Outcome of uterine embolization and hysterectomy for leiomyomas: Results of a multicenter study

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Abstract

Objective

The purpose of this study was to estimate the outcomes of uterine embolization and hysterectomy for uterine leiomyomas.

Study design

This was a multicenter prospective study of patients who were treated with embolization (n = 102 patients) and hysterectomy (n = 50 patients) for leiomyomas. Changes in symptoms, complications, and quality of life were measured. The data analysis included linear and logistic regression, the Student t and paired t test, Fisher's exact test, and chi-squared test.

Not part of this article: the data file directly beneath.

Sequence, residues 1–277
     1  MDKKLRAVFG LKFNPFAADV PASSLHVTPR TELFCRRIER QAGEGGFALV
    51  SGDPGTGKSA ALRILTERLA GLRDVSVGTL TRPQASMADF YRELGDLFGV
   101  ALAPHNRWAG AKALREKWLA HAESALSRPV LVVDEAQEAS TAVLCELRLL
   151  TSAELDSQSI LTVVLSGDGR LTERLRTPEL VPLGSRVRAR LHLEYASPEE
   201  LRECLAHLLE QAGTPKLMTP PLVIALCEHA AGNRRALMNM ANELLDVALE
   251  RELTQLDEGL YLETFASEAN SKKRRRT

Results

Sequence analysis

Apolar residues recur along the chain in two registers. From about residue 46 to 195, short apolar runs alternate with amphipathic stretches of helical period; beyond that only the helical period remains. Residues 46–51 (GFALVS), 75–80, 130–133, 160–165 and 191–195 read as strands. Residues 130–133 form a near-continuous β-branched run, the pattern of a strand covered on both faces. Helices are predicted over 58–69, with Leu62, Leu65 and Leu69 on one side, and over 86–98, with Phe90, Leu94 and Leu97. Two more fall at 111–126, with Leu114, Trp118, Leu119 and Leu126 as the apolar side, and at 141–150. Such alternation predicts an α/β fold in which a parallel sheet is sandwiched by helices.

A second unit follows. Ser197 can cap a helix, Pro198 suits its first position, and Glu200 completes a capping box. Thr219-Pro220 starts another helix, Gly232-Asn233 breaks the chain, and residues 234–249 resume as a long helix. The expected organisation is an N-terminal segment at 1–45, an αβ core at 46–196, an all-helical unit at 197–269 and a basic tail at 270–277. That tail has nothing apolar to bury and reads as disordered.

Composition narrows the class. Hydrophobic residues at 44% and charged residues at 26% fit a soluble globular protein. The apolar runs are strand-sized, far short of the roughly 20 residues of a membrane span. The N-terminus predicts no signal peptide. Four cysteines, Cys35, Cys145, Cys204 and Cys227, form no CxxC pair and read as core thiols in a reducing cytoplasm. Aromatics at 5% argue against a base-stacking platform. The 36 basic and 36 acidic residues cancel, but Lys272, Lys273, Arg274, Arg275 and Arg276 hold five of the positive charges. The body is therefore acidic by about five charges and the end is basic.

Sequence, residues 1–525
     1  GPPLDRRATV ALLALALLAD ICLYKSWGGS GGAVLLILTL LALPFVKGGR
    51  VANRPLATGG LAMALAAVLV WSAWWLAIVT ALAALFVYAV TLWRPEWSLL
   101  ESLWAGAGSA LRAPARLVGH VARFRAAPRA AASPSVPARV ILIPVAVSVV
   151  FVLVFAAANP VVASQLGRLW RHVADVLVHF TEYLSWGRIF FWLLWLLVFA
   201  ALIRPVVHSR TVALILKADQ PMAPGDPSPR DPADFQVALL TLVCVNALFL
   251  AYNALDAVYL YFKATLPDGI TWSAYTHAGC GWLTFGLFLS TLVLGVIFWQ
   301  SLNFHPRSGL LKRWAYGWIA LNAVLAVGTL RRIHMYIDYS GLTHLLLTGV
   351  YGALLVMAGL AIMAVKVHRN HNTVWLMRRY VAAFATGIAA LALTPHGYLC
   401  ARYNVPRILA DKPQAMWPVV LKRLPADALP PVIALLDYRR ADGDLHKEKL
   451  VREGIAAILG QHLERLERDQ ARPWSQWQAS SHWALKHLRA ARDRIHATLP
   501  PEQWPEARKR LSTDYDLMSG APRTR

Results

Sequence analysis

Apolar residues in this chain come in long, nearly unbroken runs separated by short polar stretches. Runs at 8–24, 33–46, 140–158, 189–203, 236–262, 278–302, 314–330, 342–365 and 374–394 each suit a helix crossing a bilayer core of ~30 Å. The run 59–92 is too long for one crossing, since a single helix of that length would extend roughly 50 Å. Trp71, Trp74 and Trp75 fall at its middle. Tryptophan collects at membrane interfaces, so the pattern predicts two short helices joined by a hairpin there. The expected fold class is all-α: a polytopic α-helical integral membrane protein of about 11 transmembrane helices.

Results

For patients who underwent embolization, there were marked reductions in blood loss scores (P < .001) and menorrhagia questionnaire scores (P < .001) compared with baseline. At 12 months, a larger proportion of the patients who had undergone hysterectomy experienced improved pelvic pain (P = .021). Both groups had marked improvement in other symptoms and quality of life scores, with no difference between groups. Complications were more frequent in patients who underwent hysterectomy (50% vs 27.5%; P = .01).

Conclusion

Both procedures substantially improved symptoms for most patients, with an advantage for hysterectomy at 12 months for pelvic pain. Serious complications were infrequent in both groups.

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